Climate change is one of the most pressing social, political and security issues of our time. Yet we still face significant gaps in our understanding of what this will ultimately entail for international peace and security. Therefore, decision-makers need information on the full range of risks that climate change poses to human security, including intersectional analyses taking account of gender, age and identity, different scales and likelihoods. Assessing the drivers, components, severity and probability of these risks is essential for decision-makers to engage in risk-informed policy-making and choose the right responses to promote both climate resilience and peace.
As UN Security Council member and Co-Chair of the Internal Expert Group (IEG) on climate security, Ireland had an opportunity to ensure that participating UN Security Council member states, as well as key implementing partners, were well informed of the diverse (human) security risks related to climate change, to facilitate risk-informed policy making which promotes climate resilience and sustainable peace.
This project accompanied and supported Ireland in promoting climate and security issues at the UN Security Council and in the field. It focused on providing Secretariat support to the IEG, as well as training and capacity to key staff at headquarters, the Permanent Mission to the UN, and key field missions. To this end, adelphi's project team identified and informed appropriate briefers, developed timely analyses and briefings on forthcoming mandate renewals – with a focus on highlighting linkages to youth and women, peace and security wherever relevant –, and educated Irish staff on these topics.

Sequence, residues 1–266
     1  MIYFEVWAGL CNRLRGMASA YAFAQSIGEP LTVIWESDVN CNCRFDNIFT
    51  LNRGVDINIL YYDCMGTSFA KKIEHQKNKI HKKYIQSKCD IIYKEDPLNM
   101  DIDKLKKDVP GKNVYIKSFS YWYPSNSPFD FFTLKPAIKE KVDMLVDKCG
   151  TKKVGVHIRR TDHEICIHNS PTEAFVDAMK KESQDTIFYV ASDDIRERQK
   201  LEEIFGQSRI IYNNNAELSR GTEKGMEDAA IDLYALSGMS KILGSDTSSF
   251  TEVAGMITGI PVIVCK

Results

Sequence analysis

Capacity support and training from adelphi entailed:
a half-day introductory training on climate change and security risks, identification and steps to address them;
a workshop with the European Centre of Excellence for Civilian Crisis Management to support Common Security and Defence Policy cadres to better integrate climate security risks into existing processes such as early warning/conflict assessment tools;
ad hoc support with additional dialogues and consultations in the furtherance of Ireland’s UN Security Council climate security ambitions as part of Weathering Risk;
ad hoc analytical support and accompaniment as required.
Furthermore, the project supported the development of a global climate and security risk and foresight assessment, including a pilot assessment of the approach, and promoted the advancement of a unifying multidisciplinary, multilateral process on climate security.
This project contributed to the multisectoral and multilateral Weathering Risk initiative, led by adelphi and the Potsdam Institute for Climate Impact Research.